The New Chinese philosophy should face the main issues in traditional philosophy and modern philosophy. The biggest issue in traditional Chinese philosophy during the last 800 years is Xing (Nature) is Li 性即理 or Xin (Mind) is Li 心即理. The biggest issue in modern Western philosophy is how to fortify value in thisera of knowledge explosion. This paper tries to do some exploration on these issues through reconstruction the Chinese metaphysics. It puts forward a theory of Four Substances 四體說. The (...) so called Four Substances include Yi Ti 易體 or the substance of Yi, Xing Ti 性體 or the substance of Nature, Xin Ti 心體 or the substance of Mind, and Dao Ti 道體 or the substance of the Way. The sphere of Yi 易 is the origin of the universe and the root of the world. The substance of Yiis formed by three fundamental cosmic ideas or energies, namely Zhi 恉 or meaning, Li 理 or reason or principle, and Qi 氣 or matter. Zhi 恉 is the being of Value and meaning. Li 理is the being of knowledge. Zhi 恉 and Li 理 are forms, and Qi 氣 is matter. Yi Ti 易體 or the substance of Yi is an inexhaustible value source. Just like Confucianism has developed its Dao or the Way and Orthodoxy, other value systems in the world have also developed their own Dao or the Way and Orthodoxy. (shrink)
This book is a translation of a key commentary on the Book of Changes, or Yijing, perhaps the most broadly influential text of classical China. The Yijing first appeared as a divination text in Zhou-dynasty China and later became a work of cosmology, philosophy, and political theory as commentators supplied it with new meanings. While many English translations of the Yijing itself exist, none are paired with a historical commentary as thorough and methodical as that written by the Confucian scholar (...) Cheng Yi, who turned the original text into a coherent work of political theory. (shrink)
It could be said that chinese aesthetics merges together three cornerstones of the western tradition. It might be intended as the study of beauty in the Platonic sense, because of the vaste debate on the topic rooted back in chinese’s ancient times; it could match the sense of aesthetics as intended by Baumgarten, because of the long tradition of chinese perceptual studies, and it may also be compared to the Hegelian philosophy of art, given the abundance of chinese artistic manufacts (...) and theories. Chinese aesthetics is distinctive and very different from the western one. While the latter tries to grasp the inner beauty of things by breaking them and accounts for beauty as an object, chinese aesthetics considers beauty as a subject, rather aiming at feeling the beauty of things for what they are. Compared to the occidental tradition, which is rooted in sensation but deviates from sensation to pursue a rational goal, chinese aesthetics originates from the sensation and adheres to it all the time. Therefore, the chinese stance makes for a unique and genuine approach to the discipline. (shrink)
Di 1 juan. San song tang zi xu -- di 2-3 juan. Zhongguo zhe xue shi -- di 4-5 juan. Zhen yuan liu shu -- di 6 juan. Zhongguo zhe xue jian shi [translation of Short history of Chinese philosophy] -- di 7-9 juan. Zhongguo zhe xue shi xin bian -- di 10 juan. Zhe xue lun wen ji.
Here I respond to Anthony Brueckner and John Martin Fischer’s “The Evil of Death: A Reply to Yi.” They developed an influential strategy in defense of the deprivation account of death’s badness against the Lucretian symmetry problem. The core of their argument consists in the claim that it is rational for us to welcome future intrinsic goods while being indifferent to past intrinsic goods. Previously, I argued that their approach is compatible with the evil of late birth insofar as an (...) earlier birth would have generated more goods in the future. In reply, Brueckner and Fischer argue that my critique fails to appreciate an important aspect of their thought experiment, which aims only to show that the deprivation of past goods per se is not bad for us. Thus, purportedly, my critique poses no threat to their view. Here I argue that since the deprivation account explains the evil of death with recourse to how one’s life would have fared had one lived longer, it ought to respond to the symmetry problem with reference to how one’s life would have fared had one been born earlier. However, it is not generally true that the life one would have had with an earlier birth is not preferable to one’s actual life, because in many cases such a life would contain more future goods. (shrink)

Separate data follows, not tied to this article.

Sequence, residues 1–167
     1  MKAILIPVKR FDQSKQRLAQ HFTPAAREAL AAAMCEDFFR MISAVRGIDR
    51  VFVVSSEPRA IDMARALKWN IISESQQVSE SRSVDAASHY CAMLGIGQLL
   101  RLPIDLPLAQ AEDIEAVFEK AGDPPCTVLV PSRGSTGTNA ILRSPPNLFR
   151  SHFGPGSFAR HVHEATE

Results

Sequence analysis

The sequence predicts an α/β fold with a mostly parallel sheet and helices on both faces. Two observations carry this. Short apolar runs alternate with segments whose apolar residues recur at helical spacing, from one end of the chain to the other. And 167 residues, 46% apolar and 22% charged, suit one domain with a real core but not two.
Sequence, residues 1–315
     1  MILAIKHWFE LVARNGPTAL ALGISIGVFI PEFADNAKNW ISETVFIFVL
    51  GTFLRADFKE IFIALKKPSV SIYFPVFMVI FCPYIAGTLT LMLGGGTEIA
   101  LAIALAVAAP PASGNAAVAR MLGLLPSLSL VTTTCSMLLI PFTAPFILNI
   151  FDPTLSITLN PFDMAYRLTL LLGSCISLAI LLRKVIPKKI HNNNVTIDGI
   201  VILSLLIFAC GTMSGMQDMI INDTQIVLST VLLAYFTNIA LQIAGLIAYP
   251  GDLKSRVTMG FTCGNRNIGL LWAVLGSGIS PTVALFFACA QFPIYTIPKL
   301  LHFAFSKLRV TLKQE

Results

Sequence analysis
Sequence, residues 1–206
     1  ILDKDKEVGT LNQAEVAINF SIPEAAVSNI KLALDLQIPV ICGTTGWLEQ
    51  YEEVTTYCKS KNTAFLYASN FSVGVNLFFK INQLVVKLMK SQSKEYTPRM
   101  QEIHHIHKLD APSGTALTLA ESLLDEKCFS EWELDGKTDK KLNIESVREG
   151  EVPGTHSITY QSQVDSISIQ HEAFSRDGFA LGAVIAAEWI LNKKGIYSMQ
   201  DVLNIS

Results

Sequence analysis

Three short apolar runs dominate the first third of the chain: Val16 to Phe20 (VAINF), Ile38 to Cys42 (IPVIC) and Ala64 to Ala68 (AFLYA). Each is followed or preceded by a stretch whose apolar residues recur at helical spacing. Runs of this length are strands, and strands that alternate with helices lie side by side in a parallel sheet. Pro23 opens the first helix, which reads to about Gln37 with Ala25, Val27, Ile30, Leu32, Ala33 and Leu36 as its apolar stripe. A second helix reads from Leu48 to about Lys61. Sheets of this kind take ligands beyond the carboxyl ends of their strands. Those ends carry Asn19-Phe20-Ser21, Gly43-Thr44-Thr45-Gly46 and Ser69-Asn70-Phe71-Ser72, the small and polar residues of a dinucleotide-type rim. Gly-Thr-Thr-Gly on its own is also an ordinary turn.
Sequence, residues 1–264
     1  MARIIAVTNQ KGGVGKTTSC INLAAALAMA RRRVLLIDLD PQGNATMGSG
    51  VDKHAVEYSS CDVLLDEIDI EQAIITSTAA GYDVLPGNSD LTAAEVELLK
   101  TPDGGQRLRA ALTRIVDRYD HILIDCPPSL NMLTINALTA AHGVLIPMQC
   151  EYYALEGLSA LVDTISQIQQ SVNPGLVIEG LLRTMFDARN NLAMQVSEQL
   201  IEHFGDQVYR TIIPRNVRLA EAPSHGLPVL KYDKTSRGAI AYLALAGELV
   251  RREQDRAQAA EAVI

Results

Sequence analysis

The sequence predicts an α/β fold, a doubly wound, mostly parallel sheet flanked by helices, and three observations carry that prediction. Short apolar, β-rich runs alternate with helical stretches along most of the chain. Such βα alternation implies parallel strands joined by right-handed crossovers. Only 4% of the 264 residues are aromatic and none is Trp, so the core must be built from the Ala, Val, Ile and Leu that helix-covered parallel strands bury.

Wang Yi’s article deals with the role of house churches, that is, unregistered churches. In his evaluation of the different branches of house churches Wang Yi touches upon issues of identity and the future of China, and he also harshly criticizes the Chinese party-state, claiming that “China is becoming a tumor in the world.”.
Editor'sIn one of the very first reactions to Li Minghui’s criticism of Mainland New Confucianism, Zeng Yi emphasizes the ties between MNC and Han-dynasty “Classical Learning”, as opposed to the basis of Mou Zongsan-style New Confucianism in Song-dynasty Neo-Confucian “Way learning”. He further connects the MNC approach with an institutional, “concrete continuation” of the Confucian tradition, as opposed to the abstract, philosophical approach of Mou Zongsan.This short essay, another of the immediate reactions to Li Minghui's criticism of Mainland New Confucianism, (...) focuses on the distinction between “old” and “new” Confucianism, and their differing relations to liberal democracy. Fang identifies a tension in Li Minghui's attitude toward the “old,” since Li seems to want to have a connection with the tradition but also not to be bound by it. (shrink)